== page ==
Kenji Mizoguchi's Fallen Women

 

Naniwa erejÓ (1936) ... aka Osaka Elegy         Gion no shimai (1936) ... aka Sisters of the Gion

Yoru no onnatachi (1948) ... aka Women of the Night         Akasen chitai (1956) ... aka Street of Shame

 

Over the course of a three-decade, more than eighty film career, master cineaste Kenji Mizoguchi (Ugetsu, Sansho the Bailiff) would return again and again to one abiding theme: the plight of women in Japanese society. In these four lacerating works of social consciousness—two prewar (Osaka Elegy, Sisters of the Gion), two postwar (Women of the Night, Street of Shame)—Mizoguchi introduces an array of compelling female protagonists, crushed or resilient, who are forced by their conditions and culture into compromising positions. With Mizoguchi’s visual daring and eloquence, these films are as cinematically thrilling as they are politically rousing.

 


Titles

 


 

Osaka Elegy
Kenji Mizoguchi, 1936
A critical and popular triumph, Osaka Elegy established Mizoguchi as one of Japan’s major filmmakers. The director's often-used leading actress Isuzu Yamada stars as Ayoko, a switchboard operator trapped in a compromising, ruinous relationship with her boss to help support her wastrel father. With its fluid cinematography and deft storytelling, Osaka Elegy ushered in a new era of sound melodrama for Mizoguchi.

Sisters of the Gion
Kenji Mizoguchi, 1936
Sisters of the Gion follows the parallel paths of the independent, unsentimental Omocha (Isuzu Yamada) and her sister, the more tradition-minded Umekichi (Yoko Umemura), both geishas in the working-class district of Gion. Mizoguchi's film is a brilliantly shot, uncompromising look at the forces that keep many women at the bottom rung of the social ladder.

Street of Shame
Kenji Mizoguchi, 1956
For his final film, Mizoguchi brought a lifetime of experience to bear on the heartbreaking tale of a brothel full of women whose dreams are constantly being shattered by the socioeconomic realities surrounding them. Set in Tokyo’s Red Light District (the literal translation of the Japanese title), Street of Shame was so cutting, and its popularity so great, that when an antiprostitution law was passed in Japan just a few months after the film's release, some said it was a catalyst.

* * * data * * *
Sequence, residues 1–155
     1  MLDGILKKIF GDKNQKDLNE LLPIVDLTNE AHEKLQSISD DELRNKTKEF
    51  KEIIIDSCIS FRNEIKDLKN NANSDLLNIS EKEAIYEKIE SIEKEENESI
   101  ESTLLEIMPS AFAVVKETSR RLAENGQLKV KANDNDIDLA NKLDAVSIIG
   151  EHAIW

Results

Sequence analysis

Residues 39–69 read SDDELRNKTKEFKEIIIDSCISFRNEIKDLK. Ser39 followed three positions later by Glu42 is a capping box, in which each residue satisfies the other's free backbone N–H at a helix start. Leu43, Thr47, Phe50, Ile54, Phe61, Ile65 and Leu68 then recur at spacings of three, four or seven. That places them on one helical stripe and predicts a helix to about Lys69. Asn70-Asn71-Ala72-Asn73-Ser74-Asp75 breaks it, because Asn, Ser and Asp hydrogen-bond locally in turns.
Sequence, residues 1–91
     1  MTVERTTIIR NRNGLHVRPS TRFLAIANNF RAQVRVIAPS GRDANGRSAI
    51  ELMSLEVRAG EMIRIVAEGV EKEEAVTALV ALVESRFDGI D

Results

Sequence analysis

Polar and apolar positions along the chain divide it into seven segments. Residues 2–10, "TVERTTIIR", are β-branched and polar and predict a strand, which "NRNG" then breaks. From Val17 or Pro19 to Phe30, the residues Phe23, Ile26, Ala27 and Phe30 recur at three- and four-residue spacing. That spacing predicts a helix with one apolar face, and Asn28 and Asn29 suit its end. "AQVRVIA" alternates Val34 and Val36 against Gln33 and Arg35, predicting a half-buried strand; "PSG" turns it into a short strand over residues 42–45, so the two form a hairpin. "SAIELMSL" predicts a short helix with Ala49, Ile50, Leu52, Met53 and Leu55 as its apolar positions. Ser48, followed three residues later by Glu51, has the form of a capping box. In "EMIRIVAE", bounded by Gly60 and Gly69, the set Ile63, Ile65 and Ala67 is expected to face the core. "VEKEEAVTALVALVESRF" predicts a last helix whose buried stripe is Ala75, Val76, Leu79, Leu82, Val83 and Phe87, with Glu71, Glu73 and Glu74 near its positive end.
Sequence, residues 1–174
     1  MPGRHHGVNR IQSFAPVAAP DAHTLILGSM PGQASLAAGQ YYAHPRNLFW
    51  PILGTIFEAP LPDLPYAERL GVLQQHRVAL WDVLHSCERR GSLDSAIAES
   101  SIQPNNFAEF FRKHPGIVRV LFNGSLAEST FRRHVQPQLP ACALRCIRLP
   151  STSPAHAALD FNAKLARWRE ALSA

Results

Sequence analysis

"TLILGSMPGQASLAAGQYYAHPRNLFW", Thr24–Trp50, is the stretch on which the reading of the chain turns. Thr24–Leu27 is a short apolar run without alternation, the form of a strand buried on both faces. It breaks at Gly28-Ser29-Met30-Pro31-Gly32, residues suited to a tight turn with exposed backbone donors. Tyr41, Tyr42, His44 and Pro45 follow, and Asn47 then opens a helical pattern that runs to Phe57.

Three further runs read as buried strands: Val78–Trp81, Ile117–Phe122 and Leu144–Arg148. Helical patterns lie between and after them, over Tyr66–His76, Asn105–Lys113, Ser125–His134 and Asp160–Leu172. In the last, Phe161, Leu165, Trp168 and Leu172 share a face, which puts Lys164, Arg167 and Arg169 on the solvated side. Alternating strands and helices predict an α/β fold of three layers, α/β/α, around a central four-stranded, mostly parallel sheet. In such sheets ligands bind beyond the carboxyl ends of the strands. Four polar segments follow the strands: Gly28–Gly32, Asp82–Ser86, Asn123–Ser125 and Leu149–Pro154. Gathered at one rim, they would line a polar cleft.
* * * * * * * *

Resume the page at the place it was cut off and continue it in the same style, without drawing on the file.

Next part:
Women of the Night
Kenji Mizoguchi, 1948
After World War II, Mizoguchi was inspired by Italian neorealism to make one of the most emotionally and visually raw films of his career. Filmed on location in Osaka, Women of the Night concerns two sisters—Fusako, a war widow, and Natsuko, having an affair with a narcotics smuggler—who along with their younger friend Kumiko descend into prostitution and moral chaos amid the postwar devastation surrounding them. 

Poster (Street of Shame)

Theatrical Releases: 1936 - 1956

  DVD Reviews

DVD Review: Eclipse Series Thirteen from the Criterion Collection (4-disc) - Region 1 - NTSC

 

 

DVD Box Cover

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Distribution Eclipse / Criterion Collection - Region 1 - NTSC
Time: Respectively - 1:12:03, 1:09:57, 1:13:54, and 1:25:42
Bitrate: Osaka Elegy
Bitrate: Sisters of the Gion
Bitrate: Women of the Night
Bitrate: Street of Shame
Audio Japanese (original mono)
Subtitles English, None
Features

Release Information:
Studio: Eclipse / Criterion Collection

Aspect Ratio:
All Original Aspect Ratios - 1.33 

Edition Details:

  •  one page (for each film) of liner notes in the transparent case


DVD Release Date: October 21st, 2008

4 Slim Transparent Keep Cases inside a Slipcase cardboard box
Chapters: 14, 12, 16, 16

 

Comments:

NOTE: The 4 main features of this boxset are housed in individual slim transparent keep cases (see images above) they are not sold separately by Criterion at this time. One NTSC edition - from Masters of Cinema - is available in a package with Empress Yang Kwei Fei - fully reviewed HERE. We have compared three captures from that issue below. As fra as we know the other three - in NTSC - can only be obtained in Criterion's Eclipse Series Thirteen package at present.